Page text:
As a K-pop fan of 11 years, here are four ways K-pop has impacted my life.
I first discovered K-pop in 2010. Back then, Girls’ Generation and SHINee were all the rage among my primary six classmates.
Initially I didn’t understand the hype surrounding K-pop, but after watching the music video for Girls’ Generation’s Oh, I was sucked into the Korean wave (Hallyu) and haven’t looked back since.
Over the past decade, I’ve been a fan of Girls’ Generation, KARA, T-ara, Big Bang, Super Junior, EXO and BTS, just to name a few. Although I am no longer a die-hard fan of these groups, they (and the many other groups I’ve stanned) will always hold a special place in my heart.
I don’t think it’s too far-fetched to say that K-pop has played a part in shaping who I am as a person today. Looking back at all my years of being a K-pop fan, here are four ways that the genre has changed my life.
In secondary school, junior college and university, I’ve formed many friendships through K-pop. Personally, I find K-pop to be a great conversation starter as it is very popular in Singapore and chances are, whoever you’re talking to would have some knowledge of the genre.
Some of my closest friendships were forged by a shared interest in the same K-pop groups. For instance, when I was in university, I bonded with one of my dearest friends over our love for the popular boy group BTS.
Back then, we would gush over the latest BTS content and discuss our favourite tracks off their newest album.
Although we’ve moved on to different boys, I don’t think we would’ve become such good friends if it weren’t for these seven men.
K-pop played a significant role in introducing me to Korean food. Seeing my idols eat dishes such as tteokbokki (spicy rice cakes), bibimbap (mixed rice) and jajangmyeon (black bean sauce noodles) deliciously led me to try Korean cuisine.
It did take me a while to warm up to Kimchi and admittedly I wasn’t a fan at first. But after my constant cravings for spicy and sour foods during circuit breaker, I eventually grew to like this pungent Korean staple.
I was also motivated to learn the Korean language so that I could understand what my idols were saying without the need for translation or subtitles. Plus, I wanted to sing K-pop songs at karaoke without the need for romanised lyrics.
Thus, I took Korean classes in university. Not only have I become pretty good (in my opinion) at reading Korean, I have also gained a basic understanding of the language. I hope to take more Korean lessons in the future and improve my skills.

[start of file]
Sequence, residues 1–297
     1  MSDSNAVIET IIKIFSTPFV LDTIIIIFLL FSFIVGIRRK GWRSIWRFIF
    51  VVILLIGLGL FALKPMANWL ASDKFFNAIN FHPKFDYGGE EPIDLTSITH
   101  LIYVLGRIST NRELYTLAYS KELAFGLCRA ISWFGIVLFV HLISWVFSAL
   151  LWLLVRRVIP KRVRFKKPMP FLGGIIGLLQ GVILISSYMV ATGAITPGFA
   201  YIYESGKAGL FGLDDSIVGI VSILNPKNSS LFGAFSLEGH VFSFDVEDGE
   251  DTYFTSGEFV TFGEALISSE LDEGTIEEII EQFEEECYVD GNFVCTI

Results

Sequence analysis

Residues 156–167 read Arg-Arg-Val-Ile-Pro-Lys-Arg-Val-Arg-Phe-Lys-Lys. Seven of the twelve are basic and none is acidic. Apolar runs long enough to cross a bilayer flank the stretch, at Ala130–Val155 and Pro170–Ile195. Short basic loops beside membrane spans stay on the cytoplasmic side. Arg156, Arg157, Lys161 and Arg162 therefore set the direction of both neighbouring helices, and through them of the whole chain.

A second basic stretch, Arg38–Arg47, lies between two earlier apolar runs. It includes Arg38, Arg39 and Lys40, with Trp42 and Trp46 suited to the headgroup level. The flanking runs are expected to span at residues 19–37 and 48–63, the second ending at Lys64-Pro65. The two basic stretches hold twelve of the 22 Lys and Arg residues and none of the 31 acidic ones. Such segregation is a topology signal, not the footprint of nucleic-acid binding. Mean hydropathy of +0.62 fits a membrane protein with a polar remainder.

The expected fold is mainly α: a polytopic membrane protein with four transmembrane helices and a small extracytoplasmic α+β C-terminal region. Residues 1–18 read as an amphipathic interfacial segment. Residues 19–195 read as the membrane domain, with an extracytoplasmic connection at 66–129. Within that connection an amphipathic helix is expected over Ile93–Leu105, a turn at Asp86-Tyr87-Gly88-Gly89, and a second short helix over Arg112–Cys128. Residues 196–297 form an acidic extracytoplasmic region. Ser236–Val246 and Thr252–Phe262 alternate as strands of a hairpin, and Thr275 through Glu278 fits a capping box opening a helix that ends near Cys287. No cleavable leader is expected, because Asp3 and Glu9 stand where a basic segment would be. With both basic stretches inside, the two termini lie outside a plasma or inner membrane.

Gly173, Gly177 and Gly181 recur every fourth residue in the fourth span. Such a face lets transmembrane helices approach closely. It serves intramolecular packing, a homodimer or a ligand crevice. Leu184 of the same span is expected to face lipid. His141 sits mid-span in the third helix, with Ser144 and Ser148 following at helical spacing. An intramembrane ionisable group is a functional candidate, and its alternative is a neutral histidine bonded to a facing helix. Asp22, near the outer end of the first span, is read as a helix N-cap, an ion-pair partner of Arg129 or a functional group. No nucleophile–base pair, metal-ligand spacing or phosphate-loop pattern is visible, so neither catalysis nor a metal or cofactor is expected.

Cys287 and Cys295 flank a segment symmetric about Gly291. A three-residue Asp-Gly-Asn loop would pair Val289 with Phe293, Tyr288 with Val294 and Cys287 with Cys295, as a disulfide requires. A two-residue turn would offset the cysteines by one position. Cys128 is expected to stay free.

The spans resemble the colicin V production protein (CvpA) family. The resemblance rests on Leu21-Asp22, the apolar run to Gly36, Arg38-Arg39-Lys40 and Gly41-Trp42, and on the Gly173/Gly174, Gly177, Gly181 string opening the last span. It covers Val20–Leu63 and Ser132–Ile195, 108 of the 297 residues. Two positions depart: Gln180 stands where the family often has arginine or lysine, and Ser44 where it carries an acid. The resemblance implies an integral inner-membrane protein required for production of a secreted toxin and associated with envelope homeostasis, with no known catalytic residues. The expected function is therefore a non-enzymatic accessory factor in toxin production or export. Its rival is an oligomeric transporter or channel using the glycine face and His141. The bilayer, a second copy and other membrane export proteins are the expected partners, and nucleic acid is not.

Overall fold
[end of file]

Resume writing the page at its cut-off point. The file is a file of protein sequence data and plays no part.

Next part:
K-pop has not only provided me an escape from stress and anxiety, but also brought me comfort in hard times. Beyond the catchy tunes and iconic choreography, there are plenty of K-pop songs with meaningful lyrics that fans can relate to.
One of my favourite K-pop songs is My Page by NCT Dream. In this song, the members (who were teenagers at the time) express their worries and anxieties about growing up but vow to bravely venture into the unknown and forge their own path.
Even as a young adult, I can relate with the lyrics. Having just graduated from university, I am faced with the daunting realisation that I don’t know what I want to do in life. This song lets me know that what I’m feeling is normal and the hopeful message encourages me to face life’s uncertainties head on.
It’s a well-known fact that K-pop male idols aren’t stereotypically masculine. While men wearing make-up is typically considered feminine in many parts of the world, including Singapore, it is the norm in K-pop.
Many male idols also have androgynous features and styling. In fact, my mother used to say that my favourite male idols looked like girls.
K-pop undeniably challenges male beauty standards and has made me more open-minded to non-stereotypical expressions of masculinity.
However, with regards to female beauty, K-pop tends to reinforce more stereotypical female body ideals.
Female idols are mostly slim, have small waists and are usually underweight.
When I was younger, I envied female idols and felt like I needed to be skinny to be considered beautiful. Not having this “ideal” body severely affected my self-esteem and confidence.
Although I no longer feel this way about myself, the fact remains that K-pop can negatively affect one’s perception of body image.
While K-pop has generally changed my life (and many other lives) for the better, I think it is important to remember that our lives shouldn’t revolve around it.
Keep in mind, you are just a fan and you’ll never truly know what your idols are like behind the cameras. It is okay to support your favourite groups but don’t neglect your real-life responsibilities in the process.
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